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Who Makes Our Clothes? — Empowering the Women Behind What We Wear

This article is written by a student writer from the Her Campus at U Mass Amherst chapter.

About a year ago, I had a conversation with a fellow-fashion-student-friend over lunch that led me to realize how distantly we understand what we wear and how it was made.

In all good fun, we were having a little debate about what luxury fashion really means. I was sharing my take that as consumers, we are intrigued to enroll in the world of luxury to enroll in high status. We often flaunt our branded fashion proudly like a badge permitting us exclusive access into an implicit elite group — yet what we often don’t think about, is that we are also communicating our admiration for that high-fashion house and are ultimately supporting its interactions with people and the planet — which are harmful more often than not. An infamous example is the burning and destruction of unsold stock to preserve designers’ elite reputation — but that’s a conversation for another time.

My friend rebutted by sharing that luxury is about far more than just status or elite badges, and that it’s actually mostly about the higher quality of the product. Then, she added, “it’s handcrafted — it’s handmade.”

I quickly followed: “but all clothes are handmade.

And this is when the conversation calmly shifted to what we were gonna eat on the menu.

Most of us don’t think about what we wear much. And that’s because . . . well, we’re not supposed to. Just like how you probably don’t think a lot about where your favorite mug is from or how your phone was made. 

But why is that? Why don’t we feel inclined to think about how things are made? I think, because maybe if we did, maybe we’d feel more of a connection to what we own — knowing where our belongings have traveled, and who they’ve met along the way. Maybe, then, would we be able to value what we own more, and finally reject throwaway culture for good. Which would disrupt almost entirely how our economy functions — consumption, consumption, consumption…retail, retail, retail. Since President Ronald Reagan came into office in the 80s and notably reduced business regulations and cut taxes with the hopes of recovering our desperate economy at the time, it unleashed mass globalization that has encouraged an uncontrollable and unstoppable growth of complicated, messy supply chains weaving in and out hundreds of corners of the world to be well hidden under wraps.

Take a look at something in your closet. The tag most likely says the make of the garment — what textiles compose the piece — maybe some washing instructions, but definitely the country where it was made. “Made in China,” “Made in Bangladesh,” “Made in Sri Lanka,” “Made in Vietnam,” etc. are stamped into all of the stuff we put on our bodies every day. 

Let’s say you have a nice white t-shirt that’s 100% cotton that was “Made in China.” Now ponder this reality for a second: the only truth that we are told in that statement is that the garment was cut and sewn in China, according to various reputable sources such as Good On You. Where the cotton was grown, who it was grown by, what was used in that process, where the cotton was sent to be spun, who it was spun by, where the cotton textile was sent to be cut and sewn in China, what cut and sewed the t-shirt, and who cut and sewed the t-shirt, are all lost in the abyss of mass globalization.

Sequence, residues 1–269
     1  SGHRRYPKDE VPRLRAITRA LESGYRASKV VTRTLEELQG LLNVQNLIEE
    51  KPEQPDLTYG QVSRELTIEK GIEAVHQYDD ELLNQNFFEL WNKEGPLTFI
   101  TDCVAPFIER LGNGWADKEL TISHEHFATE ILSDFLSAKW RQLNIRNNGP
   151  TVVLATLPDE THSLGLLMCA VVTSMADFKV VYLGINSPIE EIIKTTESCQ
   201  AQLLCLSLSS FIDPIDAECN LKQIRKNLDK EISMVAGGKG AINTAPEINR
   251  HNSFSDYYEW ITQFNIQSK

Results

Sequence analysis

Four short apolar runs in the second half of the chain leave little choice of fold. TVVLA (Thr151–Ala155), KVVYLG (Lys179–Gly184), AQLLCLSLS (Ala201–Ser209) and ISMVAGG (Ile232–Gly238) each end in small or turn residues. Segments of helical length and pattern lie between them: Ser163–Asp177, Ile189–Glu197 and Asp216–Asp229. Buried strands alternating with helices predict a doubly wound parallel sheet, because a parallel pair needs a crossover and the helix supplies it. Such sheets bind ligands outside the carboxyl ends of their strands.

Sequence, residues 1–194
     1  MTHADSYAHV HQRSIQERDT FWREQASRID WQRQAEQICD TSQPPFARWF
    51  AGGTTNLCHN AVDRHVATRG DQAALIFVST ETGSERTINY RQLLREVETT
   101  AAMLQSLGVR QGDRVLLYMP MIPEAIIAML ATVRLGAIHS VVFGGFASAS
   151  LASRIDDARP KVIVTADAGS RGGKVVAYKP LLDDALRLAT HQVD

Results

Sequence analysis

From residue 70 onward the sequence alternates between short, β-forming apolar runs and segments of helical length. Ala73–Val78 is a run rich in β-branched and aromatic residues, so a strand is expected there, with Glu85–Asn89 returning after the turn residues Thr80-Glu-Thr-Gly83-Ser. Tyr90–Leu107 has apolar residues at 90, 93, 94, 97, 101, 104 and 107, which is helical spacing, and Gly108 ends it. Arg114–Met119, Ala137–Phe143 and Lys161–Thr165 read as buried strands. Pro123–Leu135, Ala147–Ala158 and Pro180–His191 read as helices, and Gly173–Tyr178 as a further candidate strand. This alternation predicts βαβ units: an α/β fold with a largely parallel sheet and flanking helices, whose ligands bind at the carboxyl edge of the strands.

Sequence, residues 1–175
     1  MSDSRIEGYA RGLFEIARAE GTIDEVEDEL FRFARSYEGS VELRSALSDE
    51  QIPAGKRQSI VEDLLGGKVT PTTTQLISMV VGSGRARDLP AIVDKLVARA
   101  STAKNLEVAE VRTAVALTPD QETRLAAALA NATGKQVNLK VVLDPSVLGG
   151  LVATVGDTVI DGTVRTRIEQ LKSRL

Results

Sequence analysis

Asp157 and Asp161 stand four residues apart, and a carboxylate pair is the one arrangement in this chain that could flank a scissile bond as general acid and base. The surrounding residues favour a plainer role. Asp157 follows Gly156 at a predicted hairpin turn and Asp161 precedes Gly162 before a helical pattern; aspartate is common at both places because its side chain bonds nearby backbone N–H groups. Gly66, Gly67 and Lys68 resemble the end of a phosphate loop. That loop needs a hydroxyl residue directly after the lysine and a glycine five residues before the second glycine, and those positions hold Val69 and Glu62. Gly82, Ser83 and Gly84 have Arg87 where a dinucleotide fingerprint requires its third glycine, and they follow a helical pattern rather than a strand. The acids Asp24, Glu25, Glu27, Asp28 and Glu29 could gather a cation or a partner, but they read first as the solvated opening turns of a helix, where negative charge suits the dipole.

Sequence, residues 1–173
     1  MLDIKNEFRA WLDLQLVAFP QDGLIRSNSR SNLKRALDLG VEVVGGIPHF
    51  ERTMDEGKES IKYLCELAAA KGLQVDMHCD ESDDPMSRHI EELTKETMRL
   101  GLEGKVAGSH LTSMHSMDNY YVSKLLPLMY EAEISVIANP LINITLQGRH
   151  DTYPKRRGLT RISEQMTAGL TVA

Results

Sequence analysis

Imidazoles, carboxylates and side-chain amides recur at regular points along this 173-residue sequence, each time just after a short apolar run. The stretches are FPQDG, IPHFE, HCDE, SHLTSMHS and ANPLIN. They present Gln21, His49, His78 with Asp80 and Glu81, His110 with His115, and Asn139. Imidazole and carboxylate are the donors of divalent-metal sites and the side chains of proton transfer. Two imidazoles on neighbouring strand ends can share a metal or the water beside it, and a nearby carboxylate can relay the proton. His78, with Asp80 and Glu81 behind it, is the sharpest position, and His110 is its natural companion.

Yes, that’s a lot — I know. Each stage of garment production is significant and intriguing to dive into, but we’re gonna talk about only the cut and sew phase (for now…). 

The reality is, every piece of clothing on this planet is made by human hands. Ones that are carefully pushing and pulling textiles in industrial sewing machines, unfortunately, most for hours on end. 

The fashion industry is one of the most labor-intensive industries in the world — at least 40 million people today cut and sew garments for a living. Most of these people are women, and most of them are sewing the same stitch for days, weeks, or even years at a time — such as this one woman who had been sewing the same shoulder stitch of a shirt for 14 years, exposed in the Norwegian documentary Sweatshop: Deadly Fashion

So when I think back at that brief conversation with a friend of mine, which I often do — I’m reignited with a drive to amplify the lives and work of these women, as most of us, even individuals pursuing careers in fashion, don’t quite know their significance and strength. Yes, we should fight for more fair rights for them — but that starts with acknowledging the vast work that they do, and the insane strength and skill that they have. Because let’s face it — sewing clothes as exceptionally and speedily as they do is no easy feat, and I can attest to that as a proudly mediocre sewist that needs days if not weeks to finish a single garment — something these garment workers can accomplish in hours.

I encourage you to take a look at your clothes today, maybe the one’s on your body right now — and acknowledge the time and care some women took to create what you’re wearing. We may not know who exactly they are, yet, but policy change starts with changing mindsets — so let’s start thinking about these women more, so maybe we’ll shop more in tune with our values.

For ideas on how to do that, check out my article below:

💔 Related: How I Broke Up With Fast Fashion and How You Can Too

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Anna Tempestoso

U Mass Amherst '23

Anna is a senior at UMass Amherst with a double major in Sustainable Business Practices in Fashion and Communication. Apart from being a college student, she spends her time hunting for thrift finds, upcycling bed sheets into clothing, bird-watching, and hanging out with her dog Enzo.